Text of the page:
Enter w to write the new partition table and exit


You may see a message telling you that the new partition table can't be used until the next reboot - don't worry about this message; it doesn't really apply to the loopback devices which we're creating and destroying.


That's the partition resized, and the partition table updated. Now we can remove the loopback device, then we just need to trim the empty space from the end of the image file. Let's look at the new partition table and then destroy the loopback device:


sudo fdisk -l /dev/loop0

sudo losetup -d /dev/loop0


Note down the END sector of the second partition. In my case this is 13303807. Now let's trim down the file to this length, replacing END with your end sector number:


truncate -s $(((END+1)*512)) imagename.img


or in my example I would enter


truncate -s $(((13303807)*512)) PeachPi.armhf.16.04.LTS.img


And you're done.


If you're keeping the image for backup or archival purposes, you can now compress the file with:


zip PeachPi.armhf.16.04.LTS.img


...or use tar cvzf or whatever your favorite file compression tool is. Don't forget to uncompress it (for example, unzip or tar xvzf ) before trying to write it to an SD card.


Copying the image to a fresh SD card


Once you've got your shrunk .img file, you can copy it to another SD card. Insert your blank card, close any pop-up file manager windows, unmount it and write the image:


sudo umount /dev/sdb1 /dev/sdb2

sudo dcfldd if=PeachPi.armhf.16.04.LTS.img of=/dev/sdb


sudo sync


Remember you may need to change /dev/sde , /dev/sde1 and /dev/sde2 depending where your system mounts your cards.


When you use the new card for the first time, remember to expand the file-system to fill the space on the new card. See the above for how to expand the necessary partition. This then requires a reboot.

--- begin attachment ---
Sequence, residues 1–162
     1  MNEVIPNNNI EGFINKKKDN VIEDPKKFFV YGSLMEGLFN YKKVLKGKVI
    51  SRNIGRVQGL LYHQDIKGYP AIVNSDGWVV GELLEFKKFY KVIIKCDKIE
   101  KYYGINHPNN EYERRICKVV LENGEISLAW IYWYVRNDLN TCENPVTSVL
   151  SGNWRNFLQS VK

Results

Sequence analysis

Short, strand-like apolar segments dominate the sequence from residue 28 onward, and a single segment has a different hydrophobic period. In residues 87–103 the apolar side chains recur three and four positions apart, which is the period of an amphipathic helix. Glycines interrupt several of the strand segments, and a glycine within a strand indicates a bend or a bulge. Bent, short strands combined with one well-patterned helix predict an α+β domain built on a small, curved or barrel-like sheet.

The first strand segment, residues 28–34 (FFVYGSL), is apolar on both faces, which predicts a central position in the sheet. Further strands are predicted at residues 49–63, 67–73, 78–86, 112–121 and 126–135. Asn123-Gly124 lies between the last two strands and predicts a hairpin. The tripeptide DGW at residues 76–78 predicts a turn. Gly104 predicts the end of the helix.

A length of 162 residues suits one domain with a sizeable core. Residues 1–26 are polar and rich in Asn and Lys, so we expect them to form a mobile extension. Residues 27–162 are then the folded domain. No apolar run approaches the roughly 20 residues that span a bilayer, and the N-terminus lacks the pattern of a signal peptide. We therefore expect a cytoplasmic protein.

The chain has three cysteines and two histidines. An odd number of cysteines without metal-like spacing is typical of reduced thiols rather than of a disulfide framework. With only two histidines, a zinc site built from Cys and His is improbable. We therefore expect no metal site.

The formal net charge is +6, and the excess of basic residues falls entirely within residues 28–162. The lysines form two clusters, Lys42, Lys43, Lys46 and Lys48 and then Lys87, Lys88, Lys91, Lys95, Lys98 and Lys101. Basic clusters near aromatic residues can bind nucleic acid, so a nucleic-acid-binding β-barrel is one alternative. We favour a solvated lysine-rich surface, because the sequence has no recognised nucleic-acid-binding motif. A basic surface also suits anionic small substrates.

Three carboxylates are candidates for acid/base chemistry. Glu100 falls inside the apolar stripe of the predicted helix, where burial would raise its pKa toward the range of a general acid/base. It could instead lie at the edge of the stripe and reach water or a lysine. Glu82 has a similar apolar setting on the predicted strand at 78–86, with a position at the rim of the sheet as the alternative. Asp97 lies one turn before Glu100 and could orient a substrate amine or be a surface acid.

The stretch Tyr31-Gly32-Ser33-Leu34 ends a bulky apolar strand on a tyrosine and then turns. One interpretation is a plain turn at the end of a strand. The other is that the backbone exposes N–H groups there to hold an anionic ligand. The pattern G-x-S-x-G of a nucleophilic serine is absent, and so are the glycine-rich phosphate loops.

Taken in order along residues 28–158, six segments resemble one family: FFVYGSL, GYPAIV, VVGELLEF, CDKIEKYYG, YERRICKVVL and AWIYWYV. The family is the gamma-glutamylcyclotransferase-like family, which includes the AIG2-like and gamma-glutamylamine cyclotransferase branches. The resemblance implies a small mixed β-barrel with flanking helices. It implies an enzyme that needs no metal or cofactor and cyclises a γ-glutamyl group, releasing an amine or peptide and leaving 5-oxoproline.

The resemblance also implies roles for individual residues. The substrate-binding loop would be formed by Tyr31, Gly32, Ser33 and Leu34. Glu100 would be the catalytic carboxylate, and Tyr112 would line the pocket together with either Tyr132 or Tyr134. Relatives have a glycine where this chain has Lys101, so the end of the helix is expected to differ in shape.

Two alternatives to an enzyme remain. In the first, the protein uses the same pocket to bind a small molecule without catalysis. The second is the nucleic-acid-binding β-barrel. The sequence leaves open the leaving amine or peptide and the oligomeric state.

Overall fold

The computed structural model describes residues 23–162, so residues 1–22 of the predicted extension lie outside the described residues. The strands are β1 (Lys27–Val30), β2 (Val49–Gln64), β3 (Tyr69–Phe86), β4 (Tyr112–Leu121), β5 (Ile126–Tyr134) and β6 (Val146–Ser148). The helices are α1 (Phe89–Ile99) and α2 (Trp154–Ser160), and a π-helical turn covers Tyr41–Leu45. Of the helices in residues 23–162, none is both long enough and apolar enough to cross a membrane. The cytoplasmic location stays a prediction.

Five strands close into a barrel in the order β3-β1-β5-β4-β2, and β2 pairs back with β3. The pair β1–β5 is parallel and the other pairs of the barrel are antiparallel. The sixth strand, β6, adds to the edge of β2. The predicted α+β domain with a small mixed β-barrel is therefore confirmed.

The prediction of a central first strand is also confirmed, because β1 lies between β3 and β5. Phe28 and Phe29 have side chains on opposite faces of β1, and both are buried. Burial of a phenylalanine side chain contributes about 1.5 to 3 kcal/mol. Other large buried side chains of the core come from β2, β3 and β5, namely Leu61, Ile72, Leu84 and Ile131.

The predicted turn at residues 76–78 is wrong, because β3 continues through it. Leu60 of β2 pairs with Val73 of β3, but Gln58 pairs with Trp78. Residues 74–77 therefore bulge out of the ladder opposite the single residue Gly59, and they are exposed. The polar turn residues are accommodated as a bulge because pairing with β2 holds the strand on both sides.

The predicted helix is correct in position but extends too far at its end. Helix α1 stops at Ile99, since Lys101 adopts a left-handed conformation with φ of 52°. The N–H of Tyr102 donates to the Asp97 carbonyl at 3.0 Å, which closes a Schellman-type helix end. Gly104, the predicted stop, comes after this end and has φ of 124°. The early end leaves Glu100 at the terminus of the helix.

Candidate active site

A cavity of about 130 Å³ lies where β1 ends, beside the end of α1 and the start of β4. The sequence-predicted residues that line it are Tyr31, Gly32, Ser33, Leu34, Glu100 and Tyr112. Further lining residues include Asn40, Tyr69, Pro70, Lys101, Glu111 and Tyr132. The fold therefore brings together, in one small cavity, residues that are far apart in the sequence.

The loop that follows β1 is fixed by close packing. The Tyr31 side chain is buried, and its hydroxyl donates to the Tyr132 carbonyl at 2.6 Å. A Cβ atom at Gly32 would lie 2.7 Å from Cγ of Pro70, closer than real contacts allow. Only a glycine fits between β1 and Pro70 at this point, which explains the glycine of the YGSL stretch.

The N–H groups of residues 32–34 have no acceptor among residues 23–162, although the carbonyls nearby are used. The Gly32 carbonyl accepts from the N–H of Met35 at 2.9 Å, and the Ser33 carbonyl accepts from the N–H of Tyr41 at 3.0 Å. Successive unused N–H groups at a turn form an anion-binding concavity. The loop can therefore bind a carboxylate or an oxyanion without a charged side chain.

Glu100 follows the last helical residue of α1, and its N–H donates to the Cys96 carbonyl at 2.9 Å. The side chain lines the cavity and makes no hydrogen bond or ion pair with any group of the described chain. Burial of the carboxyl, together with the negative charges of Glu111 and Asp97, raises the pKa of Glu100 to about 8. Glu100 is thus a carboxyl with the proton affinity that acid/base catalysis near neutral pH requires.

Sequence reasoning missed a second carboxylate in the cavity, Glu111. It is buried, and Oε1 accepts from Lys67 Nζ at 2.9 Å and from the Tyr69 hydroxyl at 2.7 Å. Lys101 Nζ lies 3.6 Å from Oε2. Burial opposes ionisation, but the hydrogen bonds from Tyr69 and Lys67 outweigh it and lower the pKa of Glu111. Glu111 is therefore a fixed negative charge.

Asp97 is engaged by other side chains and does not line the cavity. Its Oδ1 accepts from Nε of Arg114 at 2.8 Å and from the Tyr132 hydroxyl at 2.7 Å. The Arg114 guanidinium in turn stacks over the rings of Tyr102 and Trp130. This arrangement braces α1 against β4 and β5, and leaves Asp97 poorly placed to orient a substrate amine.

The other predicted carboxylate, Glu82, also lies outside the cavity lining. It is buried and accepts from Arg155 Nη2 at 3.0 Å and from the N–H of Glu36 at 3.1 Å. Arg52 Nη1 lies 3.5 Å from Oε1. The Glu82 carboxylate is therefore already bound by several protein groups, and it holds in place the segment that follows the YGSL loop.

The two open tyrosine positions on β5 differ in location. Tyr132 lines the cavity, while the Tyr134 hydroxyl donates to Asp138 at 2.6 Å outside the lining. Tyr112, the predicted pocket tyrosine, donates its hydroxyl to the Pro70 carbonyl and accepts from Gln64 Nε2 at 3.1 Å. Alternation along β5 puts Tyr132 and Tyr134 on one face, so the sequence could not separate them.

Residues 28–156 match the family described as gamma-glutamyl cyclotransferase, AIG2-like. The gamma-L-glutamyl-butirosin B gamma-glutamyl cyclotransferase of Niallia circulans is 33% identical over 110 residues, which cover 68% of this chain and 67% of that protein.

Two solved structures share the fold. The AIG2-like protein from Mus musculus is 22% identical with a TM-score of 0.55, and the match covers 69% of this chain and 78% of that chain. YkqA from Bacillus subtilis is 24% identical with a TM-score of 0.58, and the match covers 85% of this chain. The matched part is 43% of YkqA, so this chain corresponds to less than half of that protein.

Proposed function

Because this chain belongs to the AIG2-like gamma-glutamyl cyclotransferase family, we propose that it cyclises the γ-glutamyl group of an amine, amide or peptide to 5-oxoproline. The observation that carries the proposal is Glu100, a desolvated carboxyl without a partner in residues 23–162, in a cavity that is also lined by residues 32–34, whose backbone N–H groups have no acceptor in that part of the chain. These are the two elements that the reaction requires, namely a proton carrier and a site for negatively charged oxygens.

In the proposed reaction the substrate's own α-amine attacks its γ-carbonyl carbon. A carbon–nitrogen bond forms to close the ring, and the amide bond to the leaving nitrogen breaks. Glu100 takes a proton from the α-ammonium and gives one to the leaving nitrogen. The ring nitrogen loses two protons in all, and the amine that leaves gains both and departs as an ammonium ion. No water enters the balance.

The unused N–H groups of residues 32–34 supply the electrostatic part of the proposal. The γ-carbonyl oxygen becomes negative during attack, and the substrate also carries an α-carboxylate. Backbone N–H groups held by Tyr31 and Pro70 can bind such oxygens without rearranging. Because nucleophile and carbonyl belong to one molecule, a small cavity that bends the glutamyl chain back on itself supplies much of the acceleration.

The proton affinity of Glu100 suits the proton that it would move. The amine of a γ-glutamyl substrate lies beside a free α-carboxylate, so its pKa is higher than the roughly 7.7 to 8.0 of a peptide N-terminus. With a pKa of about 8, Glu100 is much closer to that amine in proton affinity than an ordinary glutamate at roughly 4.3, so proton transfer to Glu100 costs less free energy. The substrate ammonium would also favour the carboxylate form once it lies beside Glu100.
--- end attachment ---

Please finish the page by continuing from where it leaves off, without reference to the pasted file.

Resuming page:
Basic Help


If you ever see the "Software Updater" notification in the Top Panel (Panel 0) above (just to the right of "Applications - Files") it means that you have updates available for your computer.




First and foremost when you need to edit a system setting - Click on the system settings icon on the dock on the bottom or from the “Applications” pull down menu.




In order to keep your Peach operating system functioning at its absolute utmost be sure to utilize the “janitor” feature in Ubuntu Tweak. This is especially true after completing updates or adding software to your Peach distro. The janitor function in the Ubuntu Tweak application will remove “cruft” and installation files no longer needed for the system following updates and new application installation. The janitor feature will also enable you to remove older Linux kernels as new kernels are installed freeing up space on your hard drive.


Changing Wallpaper


Changing your wallpaper is very easy in Peach OSI. Simply load an image or images into your “pictures” folder, (“Files” at the top of the page and then click on your username, then on the “pictures” folder) Simply right click on that image and in the pop-up menu that follows click on “Set Image as Wallpaper.” If you want to add several images as your wallpaper upload those images to your “pictures” folder, (same procedure as above), then right click anywhere on a blank area of your screen, then click on “Desktop Settings”. Next to where you see “Folder” in the open screen click on the block next to “Folder”, then select “Other”, click on your username”, then click once on the “Pictures” folder highlighting it, (do not open it) then click on “Open” to open all the images in the folder. The desktop settings program will next populate “Desktop Settings” with all of your images. You can then set your images to change your background wallpaper however you desire (By the minute, by the hour, or random). If you ever want to return to Peach OSI’s default background wallpaper,  it is located in the /usr/share/xfce4/backdrops/ folder. Simply follow the steps above and select the “backdrops” folder.


Having trouble with your Wi-Fi?

 If you can connect your PC to a wired Ethernet connection or if you have another